Samsung's yearly sales figures are getting a nice boost from a source some may not expect, thanks to a shortage in the supply of NAND flash storage from the companies a certain Cupertino-based device maker would ordinarily use. Apple's iPhones maintain a certain degree of relevance despite the constant influx of Android handsets across various price ranges and the popularity of the latest in the iPhone family has left supply short by as much as 30 percent. That has reportedly forced the company to turn to rivals, such as Samsung, as a way to keep production moving forward. While the situation may not be ideal for Apple, it is bound to be a boon for Samsung.
This turn of events comes at a time when the iPhone manufacturer has finally been supplanted as the top earning company in the world with regards to operating profits. The ironic twist here is that Samsung is actually the company that managed to surpass Apple. The fact that Samsung recently ramped up production of its own 64-layer NAND chips almost certainly plays a heavy role in the decision, as well as the stability of the company's overall production quality and rates. Perhaps even more paradoxically, a sizeable portion of Samsung's increased profits is actually derived from the sale and licensing of its chip-based technologies – including its NAND division.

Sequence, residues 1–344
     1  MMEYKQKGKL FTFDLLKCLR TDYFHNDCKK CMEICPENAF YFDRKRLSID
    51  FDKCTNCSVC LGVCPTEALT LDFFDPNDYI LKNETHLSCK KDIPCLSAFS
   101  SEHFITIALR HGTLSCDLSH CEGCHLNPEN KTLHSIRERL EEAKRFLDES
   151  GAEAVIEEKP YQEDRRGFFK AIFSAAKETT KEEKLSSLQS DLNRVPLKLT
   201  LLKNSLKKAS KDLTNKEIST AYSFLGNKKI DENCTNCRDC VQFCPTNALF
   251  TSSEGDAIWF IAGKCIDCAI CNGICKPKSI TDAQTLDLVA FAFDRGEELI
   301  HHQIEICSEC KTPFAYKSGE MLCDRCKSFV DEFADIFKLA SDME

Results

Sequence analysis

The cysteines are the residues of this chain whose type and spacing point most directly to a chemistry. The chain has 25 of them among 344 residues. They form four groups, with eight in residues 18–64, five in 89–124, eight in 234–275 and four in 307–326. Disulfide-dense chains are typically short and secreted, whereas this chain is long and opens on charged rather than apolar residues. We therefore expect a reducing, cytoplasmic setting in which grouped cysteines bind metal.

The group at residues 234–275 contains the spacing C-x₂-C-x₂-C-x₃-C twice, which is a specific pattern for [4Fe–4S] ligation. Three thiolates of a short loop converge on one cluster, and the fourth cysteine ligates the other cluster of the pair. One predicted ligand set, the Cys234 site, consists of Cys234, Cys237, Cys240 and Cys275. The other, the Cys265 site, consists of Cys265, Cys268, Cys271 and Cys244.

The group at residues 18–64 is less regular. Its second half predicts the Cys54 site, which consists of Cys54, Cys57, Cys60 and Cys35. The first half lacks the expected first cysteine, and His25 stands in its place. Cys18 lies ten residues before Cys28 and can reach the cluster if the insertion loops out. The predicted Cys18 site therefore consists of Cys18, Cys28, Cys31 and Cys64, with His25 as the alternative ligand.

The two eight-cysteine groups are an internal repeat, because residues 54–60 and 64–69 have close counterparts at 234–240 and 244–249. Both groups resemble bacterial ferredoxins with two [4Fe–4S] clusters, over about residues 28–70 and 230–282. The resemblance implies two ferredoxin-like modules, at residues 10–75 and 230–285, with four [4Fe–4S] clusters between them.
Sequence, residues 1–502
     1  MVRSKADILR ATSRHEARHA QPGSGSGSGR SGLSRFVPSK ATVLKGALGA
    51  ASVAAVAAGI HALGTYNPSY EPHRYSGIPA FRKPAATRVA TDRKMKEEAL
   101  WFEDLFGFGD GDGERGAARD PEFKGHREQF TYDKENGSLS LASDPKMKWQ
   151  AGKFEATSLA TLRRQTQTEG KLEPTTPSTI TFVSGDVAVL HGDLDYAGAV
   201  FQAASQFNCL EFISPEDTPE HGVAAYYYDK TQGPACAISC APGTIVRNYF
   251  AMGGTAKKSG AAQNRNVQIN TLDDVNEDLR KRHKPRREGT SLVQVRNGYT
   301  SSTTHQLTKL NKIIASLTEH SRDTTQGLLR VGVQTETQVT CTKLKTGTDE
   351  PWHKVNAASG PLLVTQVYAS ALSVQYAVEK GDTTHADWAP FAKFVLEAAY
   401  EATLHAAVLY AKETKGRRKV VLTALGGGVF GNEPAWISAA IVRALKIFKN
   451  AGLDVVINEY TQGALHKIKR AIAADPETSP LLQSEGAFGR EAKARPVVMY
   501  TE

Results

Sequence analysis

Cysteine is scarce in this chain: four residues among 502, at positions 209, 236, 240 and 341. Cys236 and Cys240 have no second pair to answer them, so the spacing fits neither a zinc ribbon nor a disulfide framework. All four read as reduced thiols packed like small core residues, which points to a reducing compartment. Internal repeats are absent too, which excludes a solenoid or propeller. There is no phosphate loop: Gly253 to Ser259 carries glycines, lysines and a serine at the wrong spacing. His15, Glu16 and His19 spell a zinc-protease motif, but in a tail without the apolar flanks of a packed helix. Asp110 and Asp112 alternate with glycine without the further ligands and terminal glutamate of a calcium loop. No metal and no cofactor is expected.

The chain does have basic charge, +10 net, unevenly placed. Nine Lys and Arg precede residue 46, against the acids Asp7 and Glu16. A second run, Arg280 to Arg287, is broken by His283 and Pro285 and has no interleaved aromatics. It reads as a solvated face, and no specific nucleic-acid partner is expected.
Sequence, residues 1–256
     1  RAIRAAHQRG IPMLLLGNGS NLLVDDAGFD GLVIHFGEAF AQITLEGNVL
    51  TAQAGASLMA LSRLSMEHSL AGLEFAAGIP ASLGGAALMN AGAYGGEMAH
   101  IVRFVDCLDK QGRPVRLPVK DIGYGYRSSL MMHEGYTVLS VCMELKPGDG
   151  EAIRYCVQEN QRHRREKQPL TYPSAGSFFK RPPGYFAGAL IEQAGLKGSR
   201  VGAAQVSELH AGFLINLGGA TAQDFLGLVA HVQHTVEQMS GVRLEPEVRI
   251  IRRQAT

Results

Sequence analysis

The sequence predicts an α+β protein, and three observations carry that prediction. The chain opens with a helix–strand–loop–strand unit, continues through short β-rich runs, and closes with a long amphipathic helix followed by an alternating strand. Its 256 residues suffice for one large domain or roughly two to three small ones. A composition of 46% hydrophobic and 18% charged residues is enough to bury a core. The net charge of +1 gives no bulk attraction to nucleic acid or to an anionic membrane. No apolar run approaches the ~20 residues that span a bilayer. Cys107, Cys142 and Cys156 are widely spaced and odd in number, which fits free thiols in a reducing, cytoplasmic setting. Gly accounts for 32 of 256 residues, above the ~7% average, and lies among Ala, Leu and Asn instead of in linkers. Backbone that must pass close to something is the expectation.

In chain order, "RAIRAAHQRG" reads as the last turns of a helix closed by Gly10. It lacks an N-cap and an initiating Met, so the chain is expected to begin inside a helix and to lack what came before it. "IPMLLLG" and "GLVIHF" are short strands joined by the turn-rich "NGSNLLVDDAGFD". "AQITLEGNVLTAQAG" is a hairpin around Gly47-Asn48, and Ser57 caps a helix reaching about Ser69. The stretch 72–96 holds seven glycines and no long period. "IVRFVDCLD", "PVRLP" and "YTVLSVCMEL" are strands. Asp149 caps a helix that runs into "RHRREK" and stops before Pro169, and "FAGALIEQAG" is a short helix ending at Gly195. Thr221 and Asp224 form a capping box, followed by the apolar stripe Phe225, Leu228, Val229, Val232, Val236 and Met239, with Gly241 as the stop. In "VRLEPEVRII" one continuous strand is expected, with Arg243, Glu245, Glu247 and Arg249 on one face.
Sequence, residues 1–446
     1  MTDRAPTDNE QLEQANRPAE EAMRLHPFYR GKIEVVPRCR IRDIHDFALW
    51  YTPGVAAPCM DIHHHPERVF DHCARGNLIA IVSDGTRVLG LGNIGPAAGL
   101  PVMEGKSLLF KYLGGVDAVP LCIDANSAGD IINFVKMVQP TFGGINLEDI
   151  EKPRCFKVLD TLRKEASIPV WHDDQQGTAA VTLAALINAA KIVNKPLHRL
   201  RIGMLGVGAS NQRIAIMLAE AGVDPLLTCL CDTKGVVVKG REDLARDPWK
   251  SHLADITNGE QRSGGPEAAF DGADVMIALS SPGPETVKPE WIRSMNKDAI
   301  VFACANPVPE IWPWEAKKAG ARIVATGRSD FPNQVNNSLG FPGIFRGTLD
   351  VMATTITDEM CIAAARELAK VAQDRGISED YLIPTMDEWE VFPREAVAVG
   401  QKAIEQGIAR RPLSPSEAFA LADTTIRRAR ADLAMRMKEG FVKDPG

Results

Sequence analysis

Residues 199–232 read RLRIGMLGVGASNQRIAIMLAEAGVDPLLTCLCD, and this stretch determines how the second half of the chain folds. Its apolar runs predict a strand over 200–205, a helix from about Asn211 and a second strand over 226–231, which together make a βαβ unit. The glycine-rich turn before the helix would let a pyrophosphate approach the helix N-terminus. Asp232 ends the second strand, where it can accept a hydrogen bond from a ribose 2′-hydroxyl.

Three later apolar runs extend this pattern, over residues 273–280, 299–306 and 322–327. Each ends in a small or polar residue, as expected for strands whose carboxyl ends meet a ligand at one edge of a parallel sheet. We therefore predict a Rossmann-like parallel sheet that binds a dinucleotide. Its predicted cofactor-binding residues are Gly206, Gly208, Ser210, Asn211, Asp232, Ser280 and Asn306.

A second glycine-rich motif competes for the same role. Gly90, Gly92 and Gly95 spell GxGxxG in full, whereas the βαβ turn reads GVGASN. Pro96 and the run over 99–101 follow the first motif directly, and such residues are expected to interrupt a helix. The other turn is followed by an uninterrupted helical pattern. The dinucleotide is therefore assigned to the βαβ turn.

Supply of the chips in question, as well as other technological components, has been somewhat squeezed due to rapid increases in demand for various smart devices and other advances. So, it isn't at all surprising that even a prominent company like Apple would be experiencing some shortages too. The problem has been ongoing for nearly the duration of the smartphone explosion and is really only expected to get worse as more countries open up larger markets for the handsets. In fact, shortages are expected to continue throughout at least 2017. While it may that could only have a negative impact on the industry, it should also spur even further technological advances and competition as manufacturers search for more ways to work around the problem. In the meantime, manufacturers will need to look elsewhere, including at competing companies, to keep their device availability high and their brands relevant.